Humans may be one of the most advanced species on this planet, but it surely comes back to bite us on the rump when it comes to relationships because, well, it’s hard, man, and we ain’t making things any easier.

Marriage mentor Suzy Sypert, with whom Bored Panda got in touch for an interview, has recently been going viral for explaining just how much relationships can get problematic in a family depending on how close parents are with their kids.

In the now-viral TikTok video, Sypert elaborates on the Family of Origin Triangulation phenomenon, whereby one parent or step-parent can grow to hate a kid because of how close they grow to the other parent.

More Info: TikTok Part 1 | TikTok Part 2 | Instagram | Website

While TikTok is primarily an entertainment social medium, it’s quickly becoming an educational one too

Image credits: Suzy Sypert

Huge disclaimer by Suzy Sypert: “first, only a licensed therapist hired by someone can truly diagnose the issues in their lives that need to be addressed. I’m here to educate and draw attention to things that happen to people as they’re growing up.”

“Second, how this plays out for people and what they need to do to heal is as varied as the families that we grow up in, and again, is why people need to do their own work and find a therapist that can help them look at their specific situations.”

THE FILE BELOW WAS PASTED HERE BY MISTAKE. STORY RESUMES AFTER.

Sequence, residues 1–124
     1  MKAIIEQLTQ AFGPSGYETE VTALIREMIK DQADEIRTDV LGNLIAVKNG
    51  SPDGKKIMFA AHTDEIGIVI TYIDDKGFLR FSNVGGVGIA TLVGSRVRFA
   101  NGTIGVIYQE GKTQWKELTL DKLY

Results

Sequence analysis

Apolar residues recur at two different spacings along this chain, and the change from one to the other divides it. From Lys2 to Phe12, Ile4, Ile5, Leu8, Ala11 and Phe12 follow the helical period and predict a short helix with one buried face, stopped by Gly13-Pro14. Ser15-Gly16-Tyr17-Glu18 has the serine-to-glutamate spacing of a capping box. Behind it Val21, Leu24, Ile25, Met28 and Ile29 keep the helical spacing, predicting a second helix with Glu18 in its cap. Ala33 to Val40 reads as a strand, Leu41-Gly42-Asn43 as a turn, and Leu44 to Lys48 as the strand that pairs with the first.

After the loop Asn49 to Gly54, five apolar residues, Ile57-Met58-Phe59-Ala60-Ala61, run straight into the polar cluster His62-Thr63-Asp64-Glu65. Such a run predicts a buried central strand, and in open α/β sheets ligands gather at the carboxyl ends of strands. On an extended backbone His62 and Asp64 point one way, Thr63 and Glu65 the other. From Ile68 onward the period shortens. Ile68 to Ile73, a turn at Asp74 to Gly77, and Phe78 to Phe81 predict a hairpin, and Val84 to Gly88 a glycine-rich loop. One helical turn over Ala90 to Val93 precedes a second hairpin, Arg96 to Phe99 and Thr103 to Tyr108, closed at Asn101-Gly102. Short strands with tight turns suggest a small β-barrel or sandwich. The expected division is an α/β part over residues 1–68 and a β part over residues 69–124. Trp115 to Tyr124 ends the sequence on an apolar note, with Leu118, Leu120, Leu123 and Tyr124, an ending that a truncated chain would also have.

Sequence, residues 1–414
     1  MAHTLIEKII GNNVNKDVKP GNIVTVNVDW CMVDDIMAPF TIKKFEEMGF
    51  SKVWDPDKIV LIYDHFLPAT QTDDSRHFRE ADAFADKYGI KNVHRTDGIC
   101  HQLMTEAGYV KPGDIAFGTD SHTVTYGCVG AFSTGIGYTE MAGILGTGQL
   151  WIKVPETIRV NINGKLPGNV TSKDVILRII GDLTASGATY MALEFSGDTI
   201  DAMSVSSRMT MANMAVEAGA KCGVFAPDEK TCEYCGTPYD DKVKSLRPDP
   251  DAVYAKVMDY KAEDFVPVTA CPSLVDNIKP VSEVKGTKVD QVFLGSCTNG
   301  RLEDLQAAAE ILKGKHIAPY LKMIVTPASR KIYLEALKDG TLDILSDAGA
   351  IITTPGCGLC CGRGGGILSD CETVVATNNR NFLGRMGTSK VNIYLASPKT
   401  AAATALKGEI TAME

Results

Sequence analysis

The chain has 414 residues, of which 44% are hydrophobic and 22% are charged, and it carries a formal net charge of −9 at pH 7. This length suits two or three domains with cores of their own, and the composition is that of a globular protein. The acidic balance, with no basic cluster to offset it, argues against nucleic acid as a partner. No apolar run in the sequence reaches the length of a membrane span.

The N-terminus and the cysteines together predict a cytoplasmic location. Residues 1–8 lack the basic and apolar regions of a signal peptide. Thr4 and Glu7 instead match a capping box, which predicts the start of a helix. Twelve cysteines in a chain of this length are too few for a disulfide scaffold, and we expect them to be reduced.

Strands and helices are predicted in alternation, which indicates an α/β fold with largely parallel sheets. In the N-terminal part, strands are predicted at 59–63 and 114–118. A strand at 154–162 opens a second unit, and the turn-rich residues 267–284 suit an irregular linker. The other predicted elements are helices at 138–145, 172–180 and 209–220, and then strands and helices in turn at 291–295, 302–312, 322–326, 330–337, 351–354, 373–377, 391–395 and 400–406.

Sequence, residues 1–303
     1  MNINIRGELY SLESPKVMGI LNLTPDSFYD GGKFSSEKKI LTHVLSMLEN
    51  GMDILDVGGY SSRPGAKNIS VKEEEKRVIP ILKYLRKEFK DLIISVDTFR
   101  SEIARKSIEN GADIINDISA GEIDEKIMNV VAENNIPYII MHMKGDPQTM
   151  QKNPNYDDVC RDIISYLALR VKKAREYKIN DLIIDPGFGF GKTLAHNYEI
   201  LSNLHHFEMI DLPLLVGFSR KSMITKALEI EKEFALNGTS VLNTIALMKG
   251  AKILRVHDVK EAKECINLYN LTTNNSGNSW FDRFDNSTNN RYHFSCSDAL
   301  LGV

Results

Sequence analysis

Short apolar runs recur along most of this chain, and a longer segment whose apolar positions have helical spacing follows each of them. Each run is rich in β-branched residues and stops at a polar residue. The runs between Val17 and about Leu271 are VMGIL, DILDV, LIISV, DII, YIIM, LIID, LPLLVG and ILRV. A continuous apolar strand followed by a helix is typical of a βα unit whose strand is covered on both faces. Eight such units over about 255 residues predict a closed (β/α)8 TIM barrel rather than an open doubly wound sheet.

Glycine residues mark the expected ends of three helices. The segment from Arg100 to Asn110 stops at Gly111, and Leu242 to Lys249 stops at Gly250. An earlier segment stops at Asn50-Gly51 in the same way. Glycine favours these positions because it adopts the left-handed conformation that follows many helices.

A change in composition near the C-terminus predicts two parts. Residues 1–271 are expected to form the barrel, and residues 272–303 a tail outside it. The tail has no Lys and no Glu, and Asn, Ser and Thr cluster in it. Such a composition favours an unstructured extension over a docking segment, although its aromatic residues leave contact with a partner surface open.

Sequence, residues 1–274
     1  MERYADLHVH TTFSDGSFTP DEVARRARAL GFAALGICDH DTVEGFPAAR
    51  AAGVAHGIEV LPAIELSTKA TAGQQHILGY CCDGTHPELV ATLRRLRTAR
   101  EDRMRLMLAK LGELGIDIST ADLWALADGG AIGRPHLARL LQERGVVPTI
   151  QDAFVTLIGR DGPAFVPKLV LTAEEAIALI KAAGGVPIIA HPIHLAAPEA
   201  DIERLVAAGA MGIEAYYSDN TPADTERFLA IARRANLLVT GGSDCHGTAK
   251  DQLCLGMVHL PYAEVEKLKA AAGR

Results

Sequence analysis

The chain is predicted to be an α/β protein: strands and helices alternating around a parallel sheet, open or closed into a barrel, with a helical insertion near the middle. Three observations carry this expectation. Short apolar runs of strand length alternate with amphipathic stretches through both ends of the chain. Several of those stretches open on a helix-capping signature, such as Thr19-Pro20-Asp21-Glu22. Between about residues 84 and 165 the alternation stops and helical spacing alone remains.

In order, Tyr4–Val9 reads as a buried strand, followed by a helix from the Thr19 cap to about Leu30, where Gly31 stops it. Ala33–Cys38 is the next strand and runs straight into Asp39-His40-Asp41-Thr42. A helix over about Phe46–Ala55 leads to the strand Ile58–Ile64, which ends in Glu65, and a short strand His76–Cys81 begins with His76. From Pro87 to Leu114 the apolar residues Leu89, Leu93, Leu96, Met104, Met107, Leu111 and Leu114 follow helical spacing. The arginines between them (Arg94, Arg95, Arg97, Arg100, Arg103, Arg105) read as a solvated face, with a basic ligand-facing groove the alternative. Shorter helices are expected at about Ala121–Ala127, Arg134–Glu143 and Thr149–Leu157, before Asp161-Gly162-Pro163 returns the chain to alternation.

“I am deeply indebted to Adam Young Counseling and his podcast ‘The Place We Find Ourselves,’ as well as, The Allender Center of Dan Allender for all the things they have helped me learn and understand on this topic and other issues of attachment theory.”

And now, on with our article!

And what started off as a mother-in-law improv quickly turned into an educational video on the Family of Origin Triangulation

Image credits: Suzy Sypert

So, TikToker Julianna Jenning posted a video where she improvised toxic MILs. One of the phrases she used was “you’re his wife, but I’m his mother, and I raised him!”

Well, marriage mentor Suzy Sypert stitched that for her own TikTok video and used the opportunity to explain this thing called the Family of Origin Triangulation.

Image credits: Suzy Sypert